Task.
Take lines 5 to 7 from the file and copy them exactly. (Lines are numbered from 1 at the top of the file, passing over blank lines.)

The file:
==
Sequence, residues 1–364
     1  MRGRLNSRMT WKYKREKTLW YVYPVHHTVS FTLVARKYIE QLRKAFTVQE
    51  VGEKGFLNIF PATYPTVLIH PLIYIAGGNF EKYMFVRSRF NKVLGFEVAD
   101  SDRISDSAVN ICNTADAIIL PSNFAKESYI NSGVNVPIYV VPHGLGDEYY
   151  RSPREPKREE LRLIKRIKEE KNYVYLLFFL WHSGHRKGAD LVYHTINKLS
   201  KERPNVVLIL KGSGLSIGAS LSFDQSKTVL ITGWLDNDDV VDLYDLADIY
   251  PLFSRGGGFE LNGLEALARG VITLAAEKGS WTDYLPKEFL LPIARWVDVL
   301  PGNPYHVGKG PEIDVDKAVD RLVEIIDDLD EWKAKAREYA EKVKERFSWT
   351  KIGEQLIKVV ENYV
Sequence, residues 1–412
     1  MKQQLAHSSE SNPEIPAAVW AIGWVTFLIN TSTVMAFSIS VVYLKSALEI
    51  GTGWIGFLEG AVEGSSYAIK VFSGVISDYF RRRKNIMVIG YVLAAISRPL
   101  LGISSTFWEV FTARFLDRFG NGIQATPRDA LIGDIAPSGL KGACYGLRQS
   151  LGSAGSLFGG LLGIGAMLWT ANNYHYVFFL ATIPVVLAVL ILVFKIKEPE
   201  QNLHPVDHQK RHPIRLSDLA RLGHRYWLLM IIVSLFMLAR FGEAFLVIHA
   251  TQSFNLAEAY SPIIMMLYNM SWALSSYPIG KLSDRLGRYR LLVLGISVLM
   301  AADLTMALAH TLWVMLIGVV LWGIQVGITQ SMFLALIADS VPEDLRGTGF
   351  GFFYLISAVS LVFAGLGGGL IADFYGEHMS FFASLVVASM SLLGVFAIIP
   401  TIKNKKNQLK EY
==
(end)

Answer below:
   151  RSPREPKREE LRLIKRIKEE KNYVYLLFFL WHSGHRKGAD LVYHTINKLS
   201  KERPNVVLIL KGSGLSIGAS LSFDQSKTVL ITGWLDNDDV VDLYDLADIY
   251  PLFSRGGGFE LNGLEALARG VITLAAEKGS WTDYLPKEFL LPIARWVDVL